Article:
DETROIT Two National Science Foundation (NSF) grants to a Wayne State University researcher could amount to far more than a drop in the bucket when it comes to handling liquids for biological screening.
Amar Basu, Ph.D., assistant professor of electrical and computer engineering and biomedical engineering in the College of Engineering, recently received the grants, which total $636,000, to support his work on microfluidic technologies in an effort to help scientists rapidly conduct thousands of chemical, genetic and pharmacological tests through a process called high-throughput screening (HTS).
The process is used to identify active compounds, antibodies or genes that modulate biomolecular pathways and can provide the information necessary to design drugs and understand individual biochemical processes. HTS is usually cost-prohibitive because it relies on sophisticated liquid handling robotics, sensitive detectors and, last but not least, the significant recurring cost of expensive biochemical reagents.
Since joining Wayne State in 2008, Basu has been developing techniques for performing biological analysis in microdroplets with nanoliter-picoliter volumes 1,000 to 1 million times smaller than conventional technology.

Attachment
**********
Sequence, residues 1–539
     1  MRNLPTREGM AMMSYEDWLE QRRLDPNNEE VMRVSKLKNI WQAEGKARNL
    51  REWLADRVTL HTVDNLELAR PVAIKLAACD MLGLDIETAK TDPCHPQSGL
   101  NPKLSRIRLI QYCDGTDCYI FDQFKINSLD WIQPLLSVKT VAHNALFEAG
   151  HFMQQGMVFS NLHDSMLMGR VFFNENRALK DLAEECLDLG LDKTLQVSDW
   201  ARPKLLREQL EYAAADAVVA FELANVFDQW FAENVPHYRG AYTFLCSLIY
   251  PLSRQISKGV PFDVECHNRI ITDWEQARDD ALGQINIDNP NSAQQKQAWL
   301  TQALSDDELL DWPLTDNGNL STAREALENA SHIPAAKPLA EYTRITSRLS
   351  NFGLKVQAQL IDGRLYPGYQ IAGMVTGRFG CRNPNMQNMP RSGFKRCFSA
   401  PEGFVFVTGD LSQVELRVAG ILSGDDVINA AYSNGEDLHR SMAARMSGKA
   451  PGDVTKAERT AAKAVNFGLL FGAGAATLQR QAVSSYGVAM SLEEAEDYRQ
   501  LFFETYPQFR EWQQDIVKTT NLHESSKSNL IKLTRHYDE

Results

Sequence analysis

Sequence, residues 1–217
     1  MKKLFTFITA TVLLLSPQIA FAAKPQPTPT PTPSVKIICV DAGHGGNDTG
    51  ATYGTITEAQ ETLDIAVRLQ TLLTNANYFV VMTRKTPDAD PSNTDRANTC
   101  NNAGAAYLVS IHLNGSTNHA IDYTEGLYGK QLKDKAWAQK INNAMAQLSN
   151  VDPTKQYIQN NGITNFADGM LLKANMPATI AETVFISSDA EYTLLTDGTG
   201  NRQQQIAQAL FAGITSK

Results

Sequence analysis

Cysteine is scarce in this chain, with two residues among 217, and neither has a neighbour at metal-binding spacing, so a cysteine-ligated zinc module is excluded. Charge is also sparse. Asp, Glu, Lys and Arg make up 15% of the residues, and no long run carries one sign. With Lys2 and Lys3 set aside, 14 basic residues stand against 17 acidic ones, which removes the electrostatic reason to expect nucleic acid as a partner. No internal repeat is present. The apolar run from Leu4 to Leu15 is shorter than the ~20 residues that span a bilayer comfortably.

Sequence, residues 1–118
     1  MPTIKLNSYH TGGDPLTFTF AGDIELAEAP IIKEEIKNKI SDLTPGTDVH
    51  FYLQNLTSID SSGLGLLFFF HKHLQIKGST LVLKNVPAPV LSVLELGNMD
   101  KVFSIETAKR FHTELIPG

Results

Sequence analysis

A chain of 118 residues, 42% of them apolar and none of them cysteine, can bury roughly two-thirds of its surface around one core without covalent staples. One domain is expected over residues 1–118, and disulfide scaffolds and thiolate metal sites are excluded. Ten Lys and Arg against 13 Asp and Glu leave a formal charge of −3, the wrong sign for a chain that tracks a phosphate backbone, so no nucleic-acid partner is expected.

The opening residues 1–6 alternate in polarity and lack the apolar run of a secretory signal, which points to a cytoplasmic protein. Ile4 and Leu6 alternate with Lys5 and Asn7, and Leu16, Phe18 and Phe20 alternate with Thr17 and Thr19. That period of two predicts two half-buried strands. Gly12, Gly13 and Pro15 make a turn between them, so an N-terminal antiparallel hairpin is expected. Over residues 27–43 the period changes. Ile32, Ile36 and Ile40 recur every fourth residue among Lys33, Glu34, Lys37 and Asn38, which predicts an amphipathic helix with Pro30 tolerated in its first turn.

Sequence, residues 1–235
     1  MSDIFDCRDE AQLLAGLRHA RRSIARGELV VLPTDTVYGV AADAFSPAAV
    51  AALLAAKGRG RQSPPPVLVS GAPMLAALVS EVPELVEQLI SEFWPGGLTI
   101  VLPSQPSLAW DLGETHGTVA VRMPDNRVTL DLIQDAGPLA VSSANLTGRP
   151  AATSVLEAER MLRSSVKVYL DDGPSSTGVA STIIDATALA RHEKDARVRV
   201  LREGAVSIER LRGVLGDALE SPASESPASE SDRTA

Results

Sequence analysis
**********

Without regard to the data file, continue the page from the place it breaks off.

Analyzing small volumes of a substance, or assays, is a growing trend in the modern biotechnology industry because it dramatically reduces the costs of HTS reagents, improves assay speed and enables new capabilities, such as the ability to culture single cells and control their microenvironment.
"Droplet microreactors have a clear economic benefit in high-throughput biology because the smaller your assay volume, the cheaper it's going to be," Basu said. "From a scientific standpoint, microreactors can give us exciting new ways to study biology at really small size scales, comparable to individual cells.
"One of the challenges, though, is how we physically handle these tiny droplets, and mon
|Contact: Julie O'Connor|
Wayne State University - Office of the Vice President for Research